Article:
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What does hearing loss sound like?

Hearing loss can be difficult to describe accurately and difficult for hearing people to imagine. You may know someone who has a hearing loss but not really appreciate what this means for them. They may find it equally difficult to explain what it's like. Two people with the same hearing loss may hear the same sounds slightly differently. If you've had a hearing loss for a number of years, you may not realise that some sounds don't sound "normal". They may sound how they sound to you and no one else. Furthermore, if you've never heard a sound before, how do you know it even exists?

When someone presents with a hearing loss there are a couple of things I, as an audiologist, want to know. Firstly, what the degree of the hearing loss is and secondly, where in the ear the hearing loss originates? There are different degrees of hearing loss ranging from mild to profound. A mild loss may go unnoticed and a profound loss may leave a person unable to communicate successfully at all. Hearing losses can also originate in different parts of the ear too. They can be conductive (outer or middle ear) or sensorineural (inner ear), or mixed ie, a hearing loss in multiple places.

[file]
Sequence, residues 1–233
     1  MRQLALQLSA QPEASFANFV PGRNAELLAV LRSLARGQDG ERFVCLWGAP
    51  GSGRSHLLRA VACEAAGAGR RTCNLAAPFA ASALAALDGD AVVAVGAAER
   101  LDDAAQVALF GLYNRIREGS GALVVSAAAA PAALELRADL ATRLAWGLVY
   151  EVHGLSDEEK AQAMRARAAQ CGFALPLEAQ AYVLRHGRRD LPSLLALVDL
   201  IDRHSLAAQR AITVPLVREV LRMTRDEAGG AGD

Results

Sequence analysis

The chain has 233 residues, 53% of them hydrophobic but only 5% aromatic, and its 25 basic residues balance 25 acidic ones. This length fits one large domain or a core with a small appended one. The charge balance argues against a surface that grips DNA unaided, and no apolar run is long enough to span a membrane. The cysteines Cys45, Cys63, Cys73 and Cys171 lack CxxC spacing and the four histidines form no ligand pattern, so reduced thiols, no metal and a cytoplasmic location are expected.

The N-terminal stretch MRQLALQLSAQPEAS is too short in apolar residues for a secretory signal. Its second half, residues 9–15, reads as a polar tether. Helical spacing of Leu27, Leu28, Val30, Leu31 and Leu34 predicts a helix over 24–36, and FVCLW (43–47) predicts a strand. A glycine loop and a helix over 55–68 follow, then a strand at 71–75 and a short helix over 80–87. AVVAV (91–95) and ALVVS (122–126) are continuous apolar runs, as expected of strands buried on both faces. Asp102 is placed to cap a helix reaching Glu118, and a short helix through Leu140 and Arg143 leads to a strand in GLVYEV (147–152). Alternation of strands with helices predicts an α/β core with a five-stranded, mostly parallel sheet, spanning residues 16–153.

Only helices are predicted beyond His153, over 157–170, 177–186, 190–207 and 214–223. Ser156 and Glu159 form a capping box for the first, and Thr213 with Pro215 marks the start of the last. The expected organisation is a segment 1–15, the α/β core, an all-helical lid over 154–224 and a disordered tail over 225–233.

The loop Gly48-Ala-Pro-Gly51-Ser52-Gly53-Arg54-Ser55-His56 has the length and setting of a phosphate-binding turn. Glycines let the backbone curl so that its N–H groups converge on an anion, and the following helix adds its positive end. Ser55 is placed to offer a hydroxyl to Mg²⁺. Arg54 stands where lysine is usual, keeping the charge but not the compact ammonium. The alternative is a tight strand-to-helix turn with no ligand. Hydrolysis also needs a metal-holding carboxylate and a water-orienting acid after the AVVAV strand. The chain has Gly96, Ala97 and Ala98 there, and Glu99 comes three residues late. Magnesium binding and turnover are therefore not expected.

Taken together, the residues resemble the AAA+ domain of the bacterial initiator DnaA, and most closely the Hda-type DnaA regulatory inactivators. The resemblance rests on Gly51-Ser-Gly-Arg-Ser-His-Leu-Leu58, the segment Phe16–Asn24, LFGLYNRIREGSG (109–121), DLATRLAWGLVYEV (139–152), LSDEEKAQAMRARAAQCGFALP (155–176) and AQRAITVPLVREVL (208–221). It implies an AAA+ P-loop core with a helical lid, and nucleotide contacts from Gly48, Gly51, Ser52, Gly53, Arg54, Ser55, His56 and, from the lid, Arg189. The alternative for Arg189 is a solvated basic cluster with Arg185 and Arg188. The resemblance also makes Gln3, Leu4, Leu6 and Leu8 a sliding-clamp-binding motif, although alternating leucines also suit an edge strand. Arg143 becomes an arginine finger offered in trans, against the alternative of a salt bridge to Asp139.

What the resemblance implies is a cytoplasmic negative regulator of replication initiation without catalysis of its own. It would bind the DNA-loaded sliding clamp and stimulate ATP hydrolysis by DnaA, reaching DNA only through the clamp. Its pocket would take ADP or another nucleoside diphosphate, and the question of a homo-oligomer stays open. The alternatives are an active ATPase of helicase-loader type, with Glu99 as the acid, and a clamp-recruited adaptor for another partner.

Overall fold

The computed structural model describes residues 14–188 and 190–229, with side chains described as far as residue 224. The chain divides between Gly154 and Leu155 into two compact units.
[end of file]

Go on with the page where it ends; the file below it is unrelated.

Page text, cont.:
So what does a hearing loss sound like? Well it is not just a case of hearing or not. And a hearing loss is not the same as just turning the volume down so all sounds are heard but at a quieter volume. It is more complex. Different sounds are made up of different frequencies and each frequency has it's own place within the cochlear, the organ of hearing. Hearing loses can involve all these frequencies or only some. They can present as normal in some frequencies and completely absent in others. This is why you may find that when you talk to someone with a hearing loss face-to-face in a quiet environment, they appear to hear you with no problem. Add a little background noise, or turn away from them when you are speaking and they may miss everything you are saying. It's not selective hearing, it's the complexity of the hearing organ and the access we therefore have to different speech sounds. To get an understanding of what it might be like, try the hearing loss simulator below.

It is important to have your hearing checked if you think you might have a hearing loss. It is always a good idea to know what our hearing levels are and what your options are should you need help with your hearing. This might be a hearing aid, hearing implant or even access to some lip-reading classes. It would be a shame to be missing out on a rich listening experience if you don't need to.

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